Indigo's child-free zones: Finally, a small victory for non-parents

Last Updated: Thu, Nov 10, 2016 11:11 hrs
An IndiGo Airlines aircraft prepares to land as a man paddles his cycle rickshaw in Ahmedabad

Relax. It’s a few rows.

Breathe. It’s twelve years.

Consider. It’s a tad unfair on the world to have to pay for your having chosen to have sex without protection.

Since budget carrier Indigo hit upon a brainwave to make a few extra bucks and added another perk to their list of things-for-which-people-will-pay – the privilege of travelling without a child wailing into your ears – social media has exploded. The airline might as well have announced that the crew would be tossing unwelcome toddlers out of the window.

Furious parents lashed out at the airline and at all those who welcomed the move, as if their children were being banned from all air travel and all vacations.

“My child is well-behaved!” they all chorused.

Sure. Maybe your child doesn’t scream or run around the aisles or bully co-passengers. Are you saying no child does any of the above?

Why do parents take it personally every time an instance of bad parenting crops up?

Why is there so much sympathy for a woman who allowed her son to get past three barricades into a gorilla enclosure and no sympathy for an animal who must pay with his life for being guilty of nothing more than being an animal who was trapped in an enclosure by humans?

Maybe you’re a good parent. A lot of people are not.

Maybe you’re a bad parent. That doesn’t make bad parenting acceptable.

People who have chosen not to have or raise children are treated with a special kind of hate by parents, as if we have opted for a life of hedonistic self-indulgence over the sacrifice of furthering a species in danger of dying out; as if having a child were not an exercise in narcissism, but a noble service rendered to mankind.

We are constantly asked to “understand” and make allowances for people who chose to inconvenience us. I have been tricked into babysitting by acquaintances who needed a break from their spawn – an imposition on my time that can never be reciprocated. We are either told we are lucky for not having children – as if the stork had scratched its beak and decided not to drop off the bundle at our doorsteps – or chided for being inconsiderate by parents quite oblivious to the irony of this sentiment.

Every time a parent says, with righteous indignation, “He’s just a child”, after the ‘he’ in question has poked my neck or jumped on my feet or spat at me or screeched into my ear or tumbled onto my lap while trying to balance on the edge of a seat, I’m torn between saying, “Yes, but you’re not” and “Yes, but not mine.”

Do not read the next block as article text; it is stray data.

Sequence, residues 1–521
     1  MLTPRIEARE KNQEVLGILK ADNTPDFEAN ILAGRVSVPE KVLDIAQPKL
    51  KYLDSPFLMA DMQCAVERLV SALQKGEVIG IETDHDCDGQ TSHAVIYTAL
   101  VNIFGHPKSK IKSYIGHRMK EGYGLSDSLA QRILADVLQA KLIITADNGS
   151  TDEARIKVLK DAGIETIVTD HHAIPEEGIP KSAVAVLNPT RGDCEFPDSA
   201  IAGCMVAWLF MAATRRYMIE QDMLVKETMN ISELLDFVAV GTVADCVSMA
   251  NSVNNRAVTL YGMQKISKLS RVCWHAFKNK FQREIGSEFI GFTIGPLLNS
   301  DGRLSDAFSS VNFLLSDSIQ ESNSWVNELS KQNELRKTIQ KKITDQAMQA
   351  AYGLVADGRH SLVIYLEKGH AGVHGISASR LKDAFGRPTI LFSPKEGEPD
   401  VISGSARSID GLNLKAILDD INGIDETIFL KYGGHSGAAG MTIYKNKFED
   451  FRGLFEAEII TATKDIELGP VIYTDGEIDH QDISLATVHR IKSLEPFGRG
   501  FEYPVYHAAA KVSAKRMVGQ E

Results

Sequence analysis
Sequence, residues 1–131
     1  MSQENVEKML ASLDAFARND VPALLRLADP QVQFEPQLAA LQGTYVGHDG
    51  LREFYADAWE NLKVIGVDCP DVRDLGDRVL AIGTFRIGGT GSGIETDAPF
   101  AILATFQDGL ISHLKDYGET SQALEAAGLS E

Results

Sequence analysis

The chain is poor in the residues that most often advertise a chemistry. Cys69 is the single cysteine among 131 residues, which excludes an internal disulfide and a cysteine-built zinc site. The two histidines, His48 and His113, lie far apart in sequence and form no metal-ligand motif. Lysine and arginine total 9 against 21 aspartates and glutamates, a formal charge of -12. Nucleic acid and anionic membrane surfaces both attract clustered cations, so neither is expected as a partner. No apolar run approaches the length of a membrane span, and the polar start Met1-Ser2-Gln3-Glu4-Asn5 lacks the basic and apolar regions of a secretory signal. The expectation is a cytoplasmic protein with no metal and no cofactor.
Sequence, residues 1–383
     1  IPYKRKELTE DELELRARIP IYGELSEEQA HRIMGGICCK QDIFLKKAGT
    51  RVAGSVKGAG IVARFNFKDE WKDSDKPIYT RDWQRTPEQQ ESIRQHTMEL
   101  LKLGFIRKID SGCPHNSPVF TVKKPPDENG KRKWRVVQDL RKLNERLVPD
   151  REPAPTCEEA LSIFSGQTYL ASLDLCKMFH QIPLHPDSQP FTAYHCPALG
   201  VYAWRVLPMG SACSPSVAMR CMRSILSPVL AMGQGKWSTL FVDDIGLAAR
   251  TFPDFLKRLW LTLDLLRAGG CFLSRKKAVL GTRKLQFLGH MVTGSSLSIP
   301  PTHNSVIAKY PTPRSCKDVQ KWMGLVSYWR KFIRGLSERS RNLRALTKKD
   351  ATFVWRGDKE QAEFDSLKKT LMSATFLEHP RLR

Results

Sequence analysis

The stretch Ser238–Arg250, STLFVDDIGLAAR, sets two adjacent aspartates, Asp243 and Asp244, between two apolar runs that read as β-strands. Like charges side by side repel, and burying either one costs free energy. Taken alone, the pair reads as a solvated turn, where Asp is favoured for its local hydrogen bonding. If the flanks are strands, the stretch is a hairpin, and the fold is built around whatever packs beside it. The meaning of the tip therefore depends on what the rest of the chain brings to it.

I did not choose to bring this being into the world. I haven’t raised him to be a brat. Why must I be his enabler? And having committed both these errors, why can’t you discipline him?

I am one of those unfortunate beings who has rarely been to a movie or travelled in a flight, train, or bus that is child-free. And people like me cannot help but feel it is selfish of people to refuse to change their lifestyles at the cost of other people’s comfort after having children.

If you had to watch this movie at the cinema, could you not have found someone to watch your toddler? If you had to take your baby along on this trip, could you not use a pacifier to keep it from crying?

Some of us are not flying to a vacation spot or a relative’s home. Some of us will get off the plane and head straight to work, with a shower slipped in if we’re lucky.

“Try travelling economy with two toddlers, and then you’ll know better than to hold parents responsible for their children,” a woman said, when I spoke of what a relief it would be to have a child free plane.

“I have,” I said, “Except they were not my toddlers.”

I did not choose to travel with them; I did not get a discount on my seat.

We know it is a battle we cannot win. Any argument is rebuffed with, “You’ll understand when you have children.” We cannot prove them wrong except by going forth and multiplying.

I don’t, and most likely will never, have children. But I do have dogs of my own, and foster rescued dogs. If I’m expected to ensure silence and obedience from a dog that has only known trauma from humans and cannot understand my language, if I’m expected to muzzle a dog on suspicion that he or she may bite, why must I also be expected to smile when your five-year-old pulls my hair?

If we choose to pay extra for seats to which we are entitled, it is not because we are gloating. It is because we are desperate for peace. If that is objectionable, who is being inconsiderate?

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Nandini is a journalist and humour writer based in Madras. She is the author of Hitched: The Modern Woman and Arranged Marriage. 

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